Symbiotic relationship’ ends, at least for now

It has not even been two days since Island Recycling Incorporated (IRI) workers have vacated the Kauai Resource Center near Lihu’e Airport, and Kathy Cowan misses them already.

County officials evicted those at IRI for alleged violations of the terms of the recycling contract, effective yesterday.

As executive director of Kauai Recycling for the Arts, Cowan enjoyed a “symbiotic relationship” with those at IRI and, although IRI folks are gone, she remains.

“The island’s losing a good business. It’s kinda sad,” she said. “I hate to see them go.”

She hates to see them go for a number of reasons, not the least of which is that, because people could redeem their beverage containers for cash and turn in their white paper, other plastics and other recyclables, IRI officials generated a lot of walk-in traffic, she said.

Many of those people, interested in recycling, were interested in what she was doing at Kauai Recycling for the Arts, she said.

“We won’t have recyclers wandering through our shop,” recyclers who are generally very interested in what Cowan and others at Kauai Recycling for the Arts are doing, Cowan said.

“We won’t have those people coming as often,” said Cowan, who today is teaching classes at the Boys & Girls Club.

“A lot of (Kauai Recycling for the Arts) educational programs include the recycling component,” a component that with IRI workers at the Kauai Resource Center was a live-action opportunity a short walk from the Kauai Recycling for the Arts studio, Cowan said.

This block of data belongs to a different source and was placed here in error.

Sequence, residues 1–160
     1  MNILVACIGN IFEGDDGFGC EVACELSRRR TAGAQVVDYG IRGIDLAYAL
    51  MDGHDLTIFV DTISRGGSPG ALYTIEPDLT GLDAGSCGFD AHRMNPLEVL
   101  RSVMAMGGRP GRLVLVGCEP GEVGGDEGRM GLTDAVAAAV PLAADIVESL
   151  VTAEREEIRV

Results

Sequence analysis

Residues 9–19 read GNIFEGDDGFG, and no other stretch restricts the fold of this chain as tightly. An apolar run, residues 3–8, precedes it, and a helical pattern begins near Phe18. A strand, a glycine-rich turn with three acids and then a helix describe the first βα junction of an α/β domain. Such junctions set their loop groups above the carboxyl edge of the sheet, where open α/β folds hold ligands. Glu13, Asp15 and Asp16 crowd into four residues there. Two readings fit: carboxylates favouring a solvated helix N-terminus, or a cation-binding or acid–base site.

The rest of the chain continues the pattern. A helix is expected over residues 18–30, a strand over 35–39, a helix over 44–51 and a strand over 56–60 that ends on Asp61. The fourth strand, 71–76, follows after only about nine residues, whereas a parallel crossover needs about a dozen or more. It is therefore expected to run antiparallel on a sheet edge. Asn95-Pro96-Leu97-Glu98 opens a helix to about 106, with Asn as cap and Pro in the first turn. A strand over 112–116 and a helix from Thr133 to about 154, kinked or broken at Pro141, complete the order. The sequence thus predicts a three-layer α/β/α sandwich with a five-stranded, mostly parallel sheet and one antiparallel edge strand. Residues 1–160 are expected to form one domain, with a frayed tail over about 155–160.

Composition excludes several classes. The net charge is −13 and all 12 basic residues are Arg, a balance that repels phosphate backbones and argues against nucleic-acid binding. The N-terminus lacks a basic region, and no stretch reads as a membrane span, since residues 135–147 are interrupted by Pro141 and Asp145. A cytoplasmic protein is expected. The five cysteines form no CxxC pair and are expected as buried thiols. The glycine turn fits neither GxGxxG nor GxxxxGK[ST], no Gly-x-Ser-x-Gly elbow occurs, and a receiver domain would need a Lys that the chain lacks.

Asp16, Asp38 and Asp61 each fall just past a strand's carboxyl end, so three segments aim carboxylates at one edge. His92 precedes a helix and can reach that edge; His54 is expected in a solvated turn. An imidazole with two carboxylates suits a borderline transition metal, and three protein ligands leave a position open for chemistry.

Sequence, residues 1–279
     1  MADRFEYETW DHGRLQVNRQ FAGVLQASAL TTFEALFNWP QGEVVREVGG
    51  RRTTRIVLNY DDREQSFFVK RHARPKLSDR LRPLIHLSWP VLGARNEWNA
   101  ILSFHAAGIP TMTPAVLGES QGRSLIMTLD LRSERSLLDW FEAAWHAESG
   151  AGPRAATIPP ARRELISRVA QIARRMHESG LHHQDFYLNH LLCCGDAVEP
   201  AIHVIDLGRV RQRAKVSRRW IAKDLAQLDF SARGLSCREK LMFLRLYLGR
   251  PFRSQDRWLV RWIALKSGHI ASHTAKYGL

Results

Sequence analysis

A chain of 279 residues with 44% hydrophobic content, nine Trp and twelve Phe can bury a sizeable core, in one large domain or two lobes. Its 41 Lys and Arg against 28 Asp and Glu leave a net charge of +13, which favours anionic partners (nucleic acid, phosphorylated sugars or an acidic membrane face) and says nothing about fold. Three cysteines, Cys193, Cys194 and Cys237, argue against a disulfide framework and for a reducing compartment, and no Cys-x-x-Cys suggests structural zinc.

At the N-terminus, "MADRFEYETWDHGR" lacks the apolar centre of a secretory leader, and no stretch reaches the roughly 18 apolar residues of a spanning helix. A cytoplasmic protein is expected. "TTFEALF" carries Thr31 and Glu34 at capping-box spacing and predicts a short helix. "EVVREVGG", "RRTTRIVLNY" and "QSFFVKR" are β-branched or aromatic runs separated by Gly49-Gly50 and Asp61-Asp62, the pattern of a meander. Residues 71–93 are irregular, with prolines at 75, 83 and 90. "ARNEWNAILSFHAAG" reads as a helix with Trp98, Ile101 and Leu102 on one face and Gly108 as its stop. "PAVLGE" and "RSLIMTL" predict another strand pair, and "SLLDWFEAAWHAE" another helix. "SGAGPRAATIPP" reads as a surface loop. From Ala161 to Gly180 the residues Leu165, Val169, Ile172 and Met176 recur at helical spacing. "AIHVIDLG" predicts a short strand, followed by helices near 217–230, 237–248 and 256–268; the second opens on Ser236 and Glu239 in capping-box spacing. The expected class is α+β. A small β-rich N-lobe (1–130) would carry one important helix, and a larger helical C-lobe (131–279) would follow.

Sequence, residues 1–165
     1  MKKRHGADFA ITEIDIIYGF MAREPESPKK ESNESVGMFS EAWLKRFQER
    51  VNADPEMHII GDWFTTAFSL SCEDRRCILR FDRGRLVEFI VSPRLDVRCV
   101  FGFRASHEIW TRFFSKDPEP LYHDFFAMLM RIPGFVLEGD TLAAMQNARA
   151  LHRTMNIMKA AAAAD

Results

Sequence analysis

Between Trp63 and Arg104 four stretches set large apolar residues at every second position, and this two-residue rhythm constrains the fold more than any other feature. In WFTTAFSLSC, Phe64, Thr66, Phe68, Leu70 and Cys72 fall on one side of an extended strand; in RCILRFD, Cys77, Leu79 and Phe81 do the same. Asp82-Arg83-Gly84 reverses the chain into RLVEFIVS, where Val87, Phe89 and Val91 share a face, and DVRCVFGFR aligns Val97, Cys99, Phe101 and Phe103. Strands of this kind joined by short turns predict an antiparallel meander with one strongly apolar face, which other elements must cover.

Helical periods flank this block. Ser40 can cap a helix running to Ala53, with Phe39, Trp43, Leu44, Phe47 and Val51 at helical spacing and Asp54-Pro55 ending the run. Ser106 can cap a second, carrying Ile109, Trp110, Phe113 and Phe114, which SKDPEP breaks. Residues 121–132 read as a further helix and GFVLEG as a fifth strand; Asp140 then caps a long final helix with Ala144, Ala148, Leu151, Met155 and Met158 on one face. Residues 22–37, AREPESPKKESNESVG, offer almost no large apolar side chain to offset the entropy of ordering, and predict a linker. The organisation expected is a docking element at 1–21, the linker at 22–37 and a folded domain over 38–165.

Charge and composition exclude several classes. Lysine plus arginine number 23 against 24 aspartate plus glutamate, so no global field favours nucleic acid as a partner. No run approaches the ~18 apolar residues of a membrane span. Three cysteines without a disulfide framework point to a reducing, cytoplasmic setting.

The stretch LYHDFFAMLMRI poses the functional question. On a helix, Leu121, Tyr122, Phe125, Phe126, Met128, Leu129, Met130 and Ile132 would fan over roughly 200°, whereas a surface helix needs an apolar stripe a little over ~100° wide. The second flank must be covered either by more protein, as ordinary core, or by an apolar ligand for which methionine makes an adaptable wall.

And now that’s gone, she said.

“It shows how we close the loop, and we don’t have the first part of the loop,” she said of the cycle that is the purchase and redemption of glass bottles that are turned into works of art by those at Kauai Recycling for the Arts.

“I’m sad about that. I hope it won’t take long to get a new contractor.”

It will probably take the better part of the rest of this year, based on the fact that county officials have said it will take two to three months to put the contract out to bid, and Jim Nutter, president of IRI, said a site-specific, solid-waste permit, required by state law, is necessary to operate, and takes at least six months to acquire.

Cowan has just received an $8,000 grant from Hawaii Tourism Authority officials to increase recycling-education efforts, something that is going to be much more difficult with-out an on-premises recycling center, she said.

“We’ll just have to reach out even more.”

Kauai Recycling for the Arts leaders are licensed by state Department of Health officials to collect glass, something they’ve stopped doing for the time being, as they’ve just shut down their furnace in order to do maintenance on it, she explained.

“We’ll put out a call for glass when we’re ready,” said Cowan, adding that she gets glass donated from operators of window-glass companies and contractors, and from operators of restaurants, who donate wine and other beverage bottles.

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